A preferred aspect of the invention involves the use of gas diffuser plates for dividing the dryer volume into a plurality of heating chambers. Each of the gas diffuser plates has a plurality of apertures which allow the gas introduced into the drying apparatus to rise upwardly from an underlying plenum or heating chamber and to be distributed substantially uniformly through the solid or semi-solid material supported above the gas diffuser plate.
In accordance with another preferred aspect of the invention, the gases exhausted from the uppermost of the stacked heating chambers are directed to a heat exchanger to recover thermal energy. More desirably, the recovered thermal energy is used to heat the air or gas which is introduced into the drying apparatus at the lowest of the stacked heating chambers.
In accordance with another preferred aspect of the invention, the conveyor belt is a metal mesh belt which is supported on the gas diffuser plates. The belt is comprised of a continuous loop having openings which mesh with the teeth of a sprocket fixed to a drive shaft operatively connected to a variable speed motor.
The radiative heating units are preferably comprised of infrared heating units, microwave heating units, or a combination of infrared and microwave heating units.
In accordance with a further aspect of the invention, the apparatus preferably includes an inclined vibrating conveyor pan having diverter vanes which distribute the solid or semi-solid material to be dried uniformly along the length of a feed hopper and hence along the width of the conveyor belt in the uppermost heating chamber to facilitate more uniform heating and drying of the material.
The apparatus preferably includes a rotary airlock in the inlet feed hopper which deposits the solid or semi-solid material which is to be dried onto the conveyor in the uppermost heating chamber, while restricting the flow of gas outwardly through the inlet feed hopper, thereby minimizing convective heat loss through the inlet feed hopper.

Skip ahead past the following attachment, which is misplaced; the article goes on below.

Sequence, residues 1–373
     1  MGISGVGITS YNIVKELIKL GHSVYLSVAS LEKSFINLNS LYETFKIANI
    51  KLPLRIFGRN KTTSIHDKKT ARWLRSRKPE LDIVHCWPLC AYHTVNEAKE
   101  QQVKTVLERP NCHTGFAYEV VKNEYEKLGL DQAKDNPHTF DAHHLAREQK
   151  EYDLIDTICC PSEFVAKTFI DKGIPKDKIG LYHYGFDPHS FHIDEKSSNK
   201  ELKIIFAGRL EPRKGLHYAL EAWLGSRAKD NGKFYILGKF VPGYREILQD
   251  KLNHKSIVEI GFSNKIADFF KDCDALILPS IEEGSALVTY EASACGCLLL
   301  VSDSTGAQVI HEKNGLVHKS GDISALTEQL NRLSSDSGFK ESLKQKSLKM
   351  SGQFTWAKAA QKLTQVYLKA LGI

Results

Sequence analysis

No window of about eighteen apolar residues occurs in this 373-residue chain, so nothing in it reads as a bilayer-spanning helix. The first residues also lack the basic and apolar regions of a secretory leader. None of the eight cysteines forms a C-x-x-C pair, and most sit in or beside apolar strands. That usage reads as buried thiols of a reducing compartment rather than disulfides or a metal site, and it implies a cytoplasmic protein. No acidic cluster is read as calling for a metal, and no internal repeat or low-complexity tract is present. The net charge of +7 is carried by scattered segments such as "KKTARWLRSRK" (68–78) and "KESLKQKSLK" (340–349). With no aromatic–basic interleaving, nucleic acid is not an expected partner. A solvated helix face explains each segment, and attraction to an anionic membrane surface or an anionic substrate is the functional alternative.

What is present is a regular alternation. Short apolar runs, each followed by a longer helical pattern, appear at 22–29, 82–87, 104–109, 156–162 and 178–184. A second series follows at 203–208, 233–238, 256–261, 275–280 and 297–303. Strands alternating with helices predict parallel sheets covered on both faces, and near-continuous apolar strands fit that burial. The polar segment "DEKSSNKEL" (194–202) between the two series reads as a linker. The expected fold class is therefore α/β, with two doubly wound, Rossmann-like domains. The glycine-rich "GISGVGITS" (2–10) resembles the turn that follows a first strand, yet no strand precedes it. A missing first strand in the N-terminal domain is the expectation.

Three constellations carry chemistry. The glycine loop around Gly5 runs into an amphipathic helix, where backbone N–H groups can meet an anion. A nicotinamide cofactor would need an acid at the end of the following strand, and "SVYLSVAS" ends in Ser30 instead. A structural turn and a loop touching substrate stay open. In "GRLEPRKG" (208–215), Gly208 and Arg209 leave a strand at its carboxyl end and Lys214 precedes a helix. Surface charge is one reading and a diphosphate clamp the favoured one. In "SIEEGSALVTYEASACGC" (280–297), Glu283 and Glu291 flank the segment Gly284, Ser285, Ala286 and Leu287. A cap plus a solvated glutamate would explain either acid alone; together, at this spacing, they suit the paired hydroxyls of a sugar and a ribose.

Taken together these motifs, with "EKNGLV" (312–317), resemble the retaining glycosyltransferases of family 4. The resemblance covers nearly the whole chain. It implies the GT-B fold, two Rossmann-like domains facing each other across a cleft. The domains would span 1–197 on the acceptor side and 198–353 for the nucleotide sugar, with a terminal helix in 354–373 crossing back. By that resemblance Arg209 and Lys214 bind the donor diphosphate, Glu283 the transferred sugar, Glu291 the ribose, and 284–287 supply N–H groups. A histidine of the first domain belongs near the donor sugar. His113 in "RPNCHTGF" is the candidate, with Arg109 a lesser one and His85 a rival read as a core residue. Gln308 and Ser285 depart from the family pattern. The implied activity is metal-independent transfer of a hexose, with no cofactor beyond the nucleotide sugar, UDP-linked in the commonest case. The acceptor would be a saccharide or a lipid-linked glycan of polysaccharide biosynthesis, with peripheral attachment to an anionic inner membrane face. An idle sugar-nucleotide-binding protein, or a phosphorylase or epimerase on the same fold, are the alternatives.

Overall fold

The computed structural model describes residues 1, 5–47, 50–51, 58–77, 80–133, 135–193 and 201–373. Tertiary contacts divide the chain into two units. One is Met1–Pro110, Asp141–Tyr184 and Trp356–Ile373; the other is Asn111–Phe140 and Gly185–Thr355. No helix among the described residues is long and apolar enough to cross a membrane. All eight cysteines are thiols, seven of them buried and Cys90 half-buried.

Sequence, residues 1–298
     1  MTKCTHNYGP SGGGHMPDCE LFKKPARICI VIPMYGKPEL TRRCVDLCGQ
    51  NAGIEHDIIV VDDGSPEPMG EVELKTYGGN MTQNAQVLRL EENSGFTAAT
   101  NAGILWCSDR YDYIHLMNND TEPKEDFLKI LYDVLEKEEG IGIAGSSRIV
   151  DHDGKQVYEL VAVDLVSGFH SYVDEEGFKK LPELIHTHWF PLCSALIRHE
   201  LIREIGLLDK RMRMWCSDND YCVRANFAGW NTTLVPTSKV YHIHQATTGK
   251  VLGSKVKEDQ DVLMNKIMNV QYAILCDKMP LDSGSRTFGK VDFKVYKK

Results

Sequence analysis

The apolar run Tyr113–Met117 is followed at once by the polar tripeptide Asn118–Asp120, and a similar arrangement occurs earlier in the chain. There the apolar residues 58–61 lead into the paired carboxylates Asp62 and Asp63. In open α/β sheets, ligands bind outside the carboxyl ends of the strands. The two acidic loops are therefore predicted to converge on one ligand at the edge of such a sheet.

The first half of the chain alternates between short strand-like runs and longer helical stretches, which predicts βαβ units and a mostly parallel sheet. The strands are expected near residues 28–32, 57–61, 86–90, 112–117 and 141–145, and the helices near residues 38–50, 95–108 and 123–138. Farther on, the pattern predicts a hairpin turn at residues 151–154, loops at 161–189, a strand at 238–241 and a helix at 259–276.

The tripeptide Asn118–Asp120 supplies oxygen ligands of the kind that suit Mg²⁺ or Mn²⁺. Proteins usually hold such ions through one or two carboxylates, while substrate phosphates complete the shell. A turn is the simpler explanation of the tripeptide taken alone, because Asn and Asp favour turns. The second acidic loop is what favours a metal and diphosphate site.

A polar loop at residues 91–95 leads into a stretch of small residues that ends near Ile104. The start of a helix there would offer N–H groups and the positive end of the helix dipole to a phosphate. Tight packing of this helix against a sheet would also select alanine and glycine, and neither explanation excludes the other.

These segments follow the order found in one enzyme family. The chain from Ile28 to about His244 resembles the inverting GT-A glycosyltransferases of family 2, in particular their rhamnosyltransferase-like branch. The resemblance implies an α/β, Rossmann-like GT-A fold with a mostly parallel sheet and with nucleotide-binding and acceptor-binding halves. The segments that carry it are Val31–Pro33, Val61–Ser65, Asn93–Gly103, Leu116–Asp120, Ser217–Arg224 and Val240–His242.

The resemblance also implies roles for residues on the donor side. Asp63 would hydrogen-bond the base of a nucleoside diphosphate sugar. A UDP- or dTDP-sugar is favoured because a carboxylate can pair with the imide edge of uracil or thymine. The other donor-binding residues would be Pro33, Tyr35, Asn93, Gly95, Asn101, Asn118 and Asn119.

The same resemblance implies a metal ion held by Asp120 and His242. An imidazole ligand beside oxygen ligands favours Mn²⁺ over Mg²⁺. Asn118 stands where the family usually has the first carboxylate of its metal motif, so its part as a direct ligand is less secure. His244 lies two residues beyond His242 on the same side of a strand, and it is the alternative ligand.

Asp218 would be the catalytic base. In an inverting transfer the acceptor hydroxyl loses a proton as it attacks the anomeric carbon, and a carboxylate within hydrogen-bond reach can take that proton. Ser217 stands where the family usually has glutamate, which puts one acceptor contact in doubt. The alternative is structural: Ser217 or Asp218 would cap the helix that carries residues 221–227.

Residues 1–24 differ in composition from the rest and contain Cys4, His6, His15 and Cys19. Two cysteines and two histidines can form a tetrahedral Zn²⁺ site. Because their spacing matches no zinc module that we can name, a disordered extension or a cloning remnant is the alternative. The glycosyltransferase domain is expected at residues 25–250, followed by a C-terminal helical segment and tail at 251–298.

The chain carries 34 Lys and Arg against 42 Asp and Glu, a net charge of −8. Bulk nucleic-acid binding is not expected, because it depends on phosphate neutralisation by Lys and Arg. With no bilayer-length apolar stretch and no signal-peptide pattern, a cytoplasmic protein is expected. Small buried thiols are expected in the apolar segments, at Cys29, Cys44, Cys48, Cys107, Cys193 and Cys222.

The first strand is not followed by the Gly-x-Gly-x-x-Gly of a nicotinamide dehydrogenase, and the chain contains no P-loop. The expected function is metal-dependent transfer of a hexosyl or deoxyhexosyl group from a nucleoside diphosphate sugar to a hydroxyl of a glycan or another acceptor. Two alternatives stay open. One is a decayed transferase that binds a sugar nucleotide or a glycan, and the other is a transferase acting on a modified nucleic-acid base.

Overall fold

Plows are desirably situated above the conveyor belts to turn the solid or semi-solid material over in order to achieve more uniform heating and drying of the material.
The stacked heating chamber arrangement of the drying chambers results in a dryer unit design having a lower ratio of external surface area to drying volume than known apparatuses, which results in lower heat loses through the walls, top, and floor of the dryer. The stacked heating chamber arrangement of the invention also results in a more compact dryer which requires less floor space than a conventional apparatus having a linear material flow path. Another advantage of the stacked heating chamber arrangement is that the conveyor associated with each of the heating chambers can be operated at a different speed, so that more efficient utilization of the material handling and drying capacity of the apparatus can be achieved.
These and other features, objects, and benefits of the invention will be recognized by those who practice the invention and by those skilled in the art, from the specification, the claims, and the drawing figures.
FIG. 1 is a schematic representation of a drying apparatus in accordance with the invention;
FIG. 2 is a perspective view of the dryer unit used in the apparatus shown in FIG. 1;
FIG. 3 is a front elevational view of the dryer unit;
FIG. 4 is a transverse cross-sectional view along lines IV--IV of FIG. 3;
FIG. 5 is a cross-sectional view along lines V--V of FIG. 3;
FIG. 6 is a cross-sectional view along lines VI--VI of FIG. 2;
FIG. 7 is an elevational view of the vibrating conveyor pan used to deposit material into the inlet feed hopper of the dryer unit;
FIG. 8 is a top view of the vibrating conveyor pan shown in FIG. 7; and
FIG. 9 is a rear elevational view of the dryer unit.